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Meadows brought fraud allegation to Barr the day after 2020 election, records show

Former President Trump’s White House Chief of Staff Mark Meadows questioned the results of the 2020 election just one day after it took place, texting Atty. Gen. Bill Barr on Nov. 4 about looking into a fraud allegation, according to records released by the Justice Department.

The communications show how quickly Meadows moved to find evidence of fraud after it was evident Trump would lose the election, an effort that the House select committee investigating the Jan. 6, 2021, insurrection said in recent hearings was central to the former president’s plan to stay in power.

The late-night exchange began with a text message from Meadows to Barr.

“I don’t know how valid or who would be the best person to investigate but I thought you should be made aware of this. Tom Fitton tweeted it out and it is likely to get some attention,” Meadows wrote Barr at 10:44 p.m. Fitton is president of Judicial Watch, a right-wing activist organization that has perpetuated unsubstantiated allegations of voter fraud.

The text was accompanied by a link to a tweet sent by far right provocateur James O’Keefe, which has since been deleted but can be found online, alleging that postal workers in Michigan were being ordered to backdate mail-in ballots so it would appear they arrived by election day.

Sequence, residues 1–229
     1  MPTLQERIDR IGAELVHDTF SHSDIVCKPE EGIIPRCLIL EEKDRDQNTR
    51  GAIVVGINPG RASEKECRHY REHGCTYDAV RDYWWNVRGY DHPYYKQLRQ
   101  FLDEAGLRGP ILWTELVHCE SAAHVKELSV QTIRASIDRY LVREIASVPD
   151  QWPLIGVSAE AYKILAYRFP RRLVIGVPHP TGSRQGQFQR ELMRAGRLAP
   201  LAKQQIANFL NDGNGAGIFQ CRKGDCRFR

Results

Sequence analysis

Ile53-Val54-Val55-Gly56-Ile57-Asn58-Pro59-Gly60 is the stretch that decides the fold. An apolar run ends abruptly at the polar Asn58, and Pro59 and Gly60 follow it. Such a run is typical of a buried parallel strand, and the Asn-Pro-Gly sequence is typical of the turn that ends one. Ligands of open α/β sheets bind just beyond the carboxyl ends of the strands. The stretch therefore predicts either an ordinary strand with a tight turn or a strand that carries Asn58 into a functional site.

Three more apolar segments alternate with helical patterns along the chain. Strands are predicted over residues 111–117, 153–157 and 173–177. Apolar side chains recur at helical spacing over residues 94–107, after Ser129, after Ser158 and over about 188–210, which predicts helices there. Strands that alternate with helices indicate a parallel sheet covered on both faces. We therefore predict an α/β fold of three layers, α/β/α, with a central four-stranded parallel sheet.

Two minutes later, Barr replied: “Got it.”

The messages, which were included in records related to the 2020 election released by the Justice Department under the Freedom of Information Act, appear to be the earliest documented instances in which Meadows brought allegations of election fraud to Barr, an effort that would continue for weeks as the president, his legal team and his supporters pushed conspiracy theories in an attempt to change the outcome of the election. Trump, Meadows and others also pressured the Justice Department to get directly involved in ongoing lawsuits over election results and to issue blanket statements that fraud had occurred.

Barr said repeatedly after the election, including in a Dec. 1 interview with the Associated Press, that he did not find any evidence of widespread fraud in the election and that most of the allegations levied by Trump and those in his circle were related to individual instances and not a larger systemic problem.

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